Suspect arrested in brutal slaying of puppy, 5 more found dead in northwest Turkey

Published 17.06.2018 17:12
Updated 17.06.2018 17:21
emAA Photo/em
AA Photo

One suspect in the brutal killing of a puppy has been taken into custody in northwestern Turkey's Sakarya province, authorities said Sunday, while reports on animal cruelty have surfaced elsewhere in the country.

Sapanca Public Prosecutor instructed police to detain the operator of the work machinery at a construction site where a puppy was found with all feet legs and tail cut off.

The one-month-old puppy was found Thursday, on the eve of Eid ai-Fitr marking the end of the Islamic holy month of Ramadan, by locals in a forested area in the Yüzevler neighborhood of Sapanca district located in the northwestern Sakarya province.

Despite efforts to save the puppy at an Istanbul veterinary hospital, the puppy succumbed to its severe injuries. The incident has stirred public outrage and quickly rose to newspaper headlines and became the top report in news bulletins.

As the incident gained social media and news attention, authorities clarified that a defamatory video that began circulating on Saturday blaming Syrians for abusing dogs was not tied to the puppy's killing.

"It was determined that the video which was broadcast on many social media and news sites on June 16, 2018, was taken in Jordan in 2017, and the scene in the images did not overlap with the forested area where the incident occurred in Sakarya," the General Directorate of Security said in a statement, condemning those responsible for circulating the video.

Turkey hosts some 3.5 million Syrian refugees fleeing the country's seven-year-long civil war and despite an overall welcoming public stance, anti-Syrian sentiments appear occasionally.

Meanwhile on Sunday, another five puppies were found dead on the campus of Sakarya University. Two other injured puppies were taken to a veterinary hospital.

Another injured dog in Sakarya's Karapürçek province was brought to a veterinary by residents who claimed acid was poured on its feet.

In a separate incident in southern Turkey's Adana province, a black cat was found beheaded in Adnan Menderes Boulevard picnic area on Saturday. Photos of the scene were shared widely on social media, adding to public outcry over abuses against animals.

The hashtag "#HayvanaSiddetSuctur (Violence Against Animals Is A Crime) was among global top trending hashtags on Saturday.

President Recep Tayyip Erdoğan responded to the puppy's slaying on Saturday afternoon, tweeting: "Protecting animals is not only a duty but also a requirement of our faith, humanity. Animals are not property, they are lives, they are entrusted to us by God."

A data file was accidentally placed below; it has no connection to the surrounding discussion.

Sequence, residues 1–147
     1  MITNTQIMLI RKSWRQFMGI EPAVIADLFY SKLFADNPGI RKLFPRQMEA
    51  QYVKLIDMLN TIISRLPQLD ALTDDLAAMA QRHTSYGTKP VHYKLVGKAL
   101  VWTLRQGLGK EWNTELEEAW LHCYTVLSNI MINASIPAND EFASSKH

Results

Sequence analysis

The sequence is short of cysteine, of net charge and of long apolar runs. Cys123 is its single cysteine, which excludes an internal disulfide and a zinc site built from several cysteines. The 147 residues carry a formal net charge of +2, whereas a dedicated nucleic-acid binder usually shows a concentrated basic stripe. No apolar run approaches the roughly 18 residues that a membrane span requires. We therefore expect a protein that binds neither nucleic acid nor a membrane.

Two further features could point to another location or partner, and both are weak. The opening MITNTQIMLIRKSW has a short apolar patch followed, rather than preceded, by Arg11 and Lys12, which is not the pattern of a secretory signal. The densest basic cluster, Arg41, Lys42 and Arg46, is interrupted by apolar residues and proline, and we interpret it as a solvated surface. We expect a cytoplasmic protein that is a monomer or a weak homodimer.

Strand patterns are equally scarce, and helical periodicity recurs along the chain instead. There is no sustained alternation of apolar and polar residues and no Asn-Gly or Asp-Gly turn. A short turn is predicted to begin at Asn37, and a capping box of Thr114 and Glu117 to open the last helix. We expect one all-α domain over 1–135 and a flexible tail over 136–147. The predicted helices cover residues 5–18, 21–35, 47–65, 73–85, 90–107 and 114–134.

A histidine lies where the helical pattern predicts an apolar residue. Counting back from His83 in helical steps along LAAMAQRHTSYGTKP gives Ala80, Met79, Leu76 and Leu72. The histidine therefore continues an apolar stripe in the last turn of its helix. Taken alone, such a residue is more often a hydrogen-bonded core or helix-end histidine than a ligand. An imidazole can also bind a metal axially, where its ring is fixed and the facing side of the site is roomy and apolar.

He reminded that the ruling Justice and Development Party (AK Party) introduced the No. 5199 Animal Protection Law in 2004 and amendments in a proposed government bill concerning increased legal sanctions will be a priority in the new legislative year.

Turkey's other political leaders, including Nationalist Movement Party (MHP) Chairman Devlet Bahçeli and Muharrem Ince of the CHP and Meral Akşener of the Good Party (IYI Party – IP) also condemned the incident on Twitter.

Often described as a haven for stray animals, especially for cats roaming free in its cities, Turkey occasionally faces incidents of violence, cruelty and abuse against animals. A number of videos and images showing individuals beating, torturing stray dogs and cats, emerged in the last couple of years, has triggered widespread public outcry.

Animal activists have long campaigned for violence against animals to be defined as a crime instead of misconduct, in addition to aggravated penalties. Existing laws only impose fines for crimes against animals.

Despite a consensus on the issue, a draft bill foreseeing prison terms for crimes against animals proposed to the cabinet by relevant ministries in April is still pending in the parliament.

On Saturday, Deputy Prime Minister and Government Spokesperson Bekir Bozdağ, Justice Minister Abdulhamit Gül and Energy Minister Berat Albayrak and other political leaders pledged that the introduction of the bill will be a prioritized subject in the new legislative year after the June 24 elections.

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